I am not on a pump and I don’t do MDI. I live off my one shot in the morning. I wait for my bg to drop down to 70. Then I eat enough to make it go up to 130. Then I wait for my bg to drop to down to 70. Then I eat enough to make it go up to 130. This goes on for a while. Typically after lunch my bg does not drop down to 70 anymore. This means that I am done with eating for the day. In other words, I am a diabetic only between breakfast and lunch. After lunch I start being a normal person and I don’t have to worry much about my diabetes.
Give me some idea? 25g, 50g, 100g? You have such good control. I used to eat breakfast at a bagel store and always ate half a bagel and took the other half to go. I am itching to eat the whole thing. Tell me how I can do that while maintaining a good A1C.
Sorry. I’ve been under a 5.0 a1c for several years now, and I eat as many carbs as I like. (I’ve sometiems gone through periods where I at A LOT of carbs.) Now, I’m not saying this is healthy (it definitely isn’t); I’m just saying you can eat a lot of carbs and still have a low a1c. Numbers: For a while, when I was getting a 4.5 a1c, I was eating about 300 carbs a day. Actually, maybe more (I’d get low and need to correct.)
I was wrong when saying that low carb meals are a must to achieve low A1Cs. I was mislead by my own inability to achieve just that.
You’ve mentioned on several discussions taking huge amounts of insulin because of your fear of highs, having 100’s of seizures from lows (having lows in the single digits), being treated by paramedics for these lows, passing out in your tub & passing out on the street & breaking a bone from lows. I recall members being concerned about you over-doing doses.
Think you’re sending the wrong message here about eating as many carbs as you like & having a great A1c, if your A1c is the result of severe lows & taking large doses.
Gerri …my humble observation , because I so agree with your observation …A1C is a number …how you arrive at it is another story …quality of life , living with diabetes is /should be important AND one can still eat carbs if the quotation " daily exercise " gets added .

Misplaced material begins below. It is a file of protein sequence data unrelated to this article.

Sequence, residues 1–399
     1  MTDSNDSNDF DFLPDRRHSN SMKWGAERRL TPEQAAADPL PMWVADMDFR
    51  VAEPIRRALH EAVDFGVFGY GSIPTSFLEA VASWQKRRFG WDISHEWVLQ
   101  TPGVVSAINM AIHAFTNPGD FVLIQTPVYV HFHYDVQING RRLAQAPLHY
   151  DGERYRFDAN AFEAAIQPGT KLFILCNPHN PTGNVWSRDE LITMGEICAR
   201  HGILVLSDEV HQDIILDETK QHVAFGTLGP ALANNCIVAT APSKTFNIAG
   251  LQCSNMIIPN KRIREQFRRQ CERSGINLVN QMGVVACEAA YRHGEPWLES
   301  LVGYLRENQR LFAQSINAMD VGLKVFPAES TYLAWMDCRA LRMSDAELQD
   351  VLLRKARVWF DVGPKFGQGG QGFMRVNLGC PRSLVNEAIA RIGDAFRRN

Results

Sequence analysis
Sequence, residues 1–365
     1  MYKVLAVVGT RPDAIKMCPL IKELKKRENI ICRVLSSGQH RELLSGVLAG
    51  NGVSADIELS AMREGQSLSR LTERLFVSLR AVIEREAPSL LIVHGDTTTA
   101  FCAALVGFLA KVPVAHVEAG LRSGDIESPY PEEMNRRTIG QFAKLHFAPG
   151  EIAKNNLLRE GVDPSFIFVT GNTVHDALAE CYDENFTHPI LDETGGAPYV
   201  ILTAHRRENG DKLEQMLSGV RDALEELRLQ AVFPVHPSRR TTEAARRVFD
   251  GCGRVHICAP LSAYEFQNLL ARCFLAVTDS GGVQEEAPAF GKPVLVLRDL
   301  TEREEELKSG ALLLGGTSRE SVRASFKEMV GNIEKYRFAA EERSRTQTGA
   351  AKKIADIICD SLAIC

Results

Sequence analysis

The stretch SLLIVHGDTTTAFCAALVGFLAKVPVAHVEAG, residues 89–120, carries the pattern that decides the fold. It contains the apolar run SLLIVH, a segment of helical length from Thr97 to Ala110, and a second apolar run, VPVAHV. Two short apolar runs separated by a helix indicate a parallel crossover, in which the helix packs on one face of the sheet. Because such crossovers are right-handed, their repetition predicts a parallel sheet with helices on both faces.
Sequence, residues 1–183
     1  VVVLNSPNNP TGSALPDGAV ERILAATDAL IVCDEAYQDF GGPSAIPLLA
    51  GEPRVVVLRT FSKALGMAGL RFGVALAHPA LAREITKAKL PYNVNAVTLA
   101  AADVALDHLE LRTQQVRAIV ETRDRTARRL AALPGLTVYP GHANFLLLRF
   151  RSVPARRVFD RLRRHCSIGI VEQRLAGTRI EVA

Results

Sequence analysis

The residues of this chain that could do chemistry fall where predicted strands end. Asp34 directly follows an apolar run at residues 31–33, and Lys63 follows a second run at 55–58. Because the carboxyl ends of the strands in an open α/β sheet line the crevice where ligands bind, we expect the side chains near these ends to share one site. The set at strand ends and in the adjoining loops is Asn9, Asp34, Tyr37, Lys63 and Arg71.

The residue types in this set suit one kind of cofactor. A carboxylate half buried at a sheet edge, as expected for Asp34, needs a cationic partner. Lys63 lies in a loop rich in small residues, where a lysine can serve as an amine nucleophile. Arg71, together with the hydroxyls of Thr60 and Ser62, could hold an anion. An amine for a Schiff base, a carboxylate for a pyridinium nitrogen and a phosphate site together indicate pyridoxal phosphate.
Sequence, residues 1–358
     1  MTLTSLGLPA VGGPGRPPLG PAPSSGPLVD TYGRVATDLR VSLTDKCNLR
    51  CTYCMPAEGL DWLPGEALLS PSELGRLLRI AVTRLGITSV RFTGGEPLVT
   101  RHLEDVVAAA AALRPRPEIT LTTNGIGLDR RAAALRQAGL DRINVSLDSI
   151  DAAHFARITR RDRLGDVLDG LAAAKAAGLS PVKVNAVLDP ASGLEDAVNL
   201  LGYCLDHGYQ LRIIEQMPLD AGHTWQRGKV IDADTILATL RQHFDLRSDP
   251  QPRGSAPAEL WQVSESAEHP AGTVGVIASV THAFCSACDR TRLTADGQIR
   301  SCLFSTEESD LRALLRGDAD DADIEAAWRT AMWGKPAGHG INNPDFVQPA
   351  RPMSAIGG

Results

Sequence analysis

There are also horror stories out there , due to LOWS ( an possibly a great A1C result ) .
Agree with you 100%. We get too focused on A1c numbers. Someone who’se BG is level is in much better shape than high/low swings which average out to a “good” A1c. I detest having lows!
Yeah - I’m the same as you Gerri - I hate lows - so luckily for me - it’s a rarity - as I try to stay on an even keel with my blood sugars - but sometimes they go up when I’ve eaten a wee too much and not taken the right meds to cover it - but hey - who is perfect? Sometimes that slice of cake has my name engraved on it - and I dive into it head first!
Janet - On the subject here tho’ about attaining good A1C’s thru’ eating low carb diet - I don’t eat low carb. I try to average about 30-40g of carbs per main meal - and snacks vary from about 10-20g of carbs. I’ve been doing some research on low carb - as I have a friend who swears by it (she has a A1C of 5.1%) - it sounds expensive to me - as she has to buy low carb bread - something I can’t afford - or want to eat (I make my own bread). According to Atkins diet (I just got a cook book from the library this week) - it looks like a low carb diet is 50g of net carbs (they take away fibre) per day - but I am scratching my head at that trying to figure out how the heck a person does that - so maybe I’m misreading things.
Since going on to the pump from MDI - I’ve gone from an A1C of 7.0% to 5.7% - but during the process of being on the pump - I’ve gained weight - ugh - so while it’s nice to have lower A1C - don’t like the weight issue - as I’m not very tall (5’4"). I think because I didn’t have as tight control of my BG’s before - that the roller coaster ride I was on - made me burn off fat when I was high (there’s some sort of medical word for that - but can’t recall what it’s called).
Anna from Montreal http://www.diabetes1.org/blogs/Annas_Blog
Wow Anna, that’s some excellent improvement since pumping!
Not preaching or trying to convince anyone, but I eat 30-40 carbs per day & it’s possible. I’m a shorty, too. Doesn’t have to be expensive. I don’t buy low carb packaged foods because they’re too expensive, full of chemicals & don’t taste good.
I share the opinion that low A1C does not equal good bg control. Focusing on A1C is so tempting because A1C is easy to measure and easy to compare. None of my doctors ever asked to download data from my glucose meter. The most intrusive question that I was ever asked was “How often do you measure?”. My A1C is considered good enough and all questions stop there. A download of my glucose meter would have easily revealed that my bg variance was not all that great. Now I am lucky enough to have all the data that I could possibly want through my CGM. I have to have some goal, some number to keep me straight. I chose to switch from A1C to % of time spent within 71-130. I am trying to get this number as close to 100% as possible. The incentive to ‘improve’ my A1C through lows is gone and this might have a negative effect on my A1C. But A1C is no longer my number one priority. Keeping carbs per meal low definitely helps me with my new goal. I am not a low carb food eater. For me low carb equals portion control.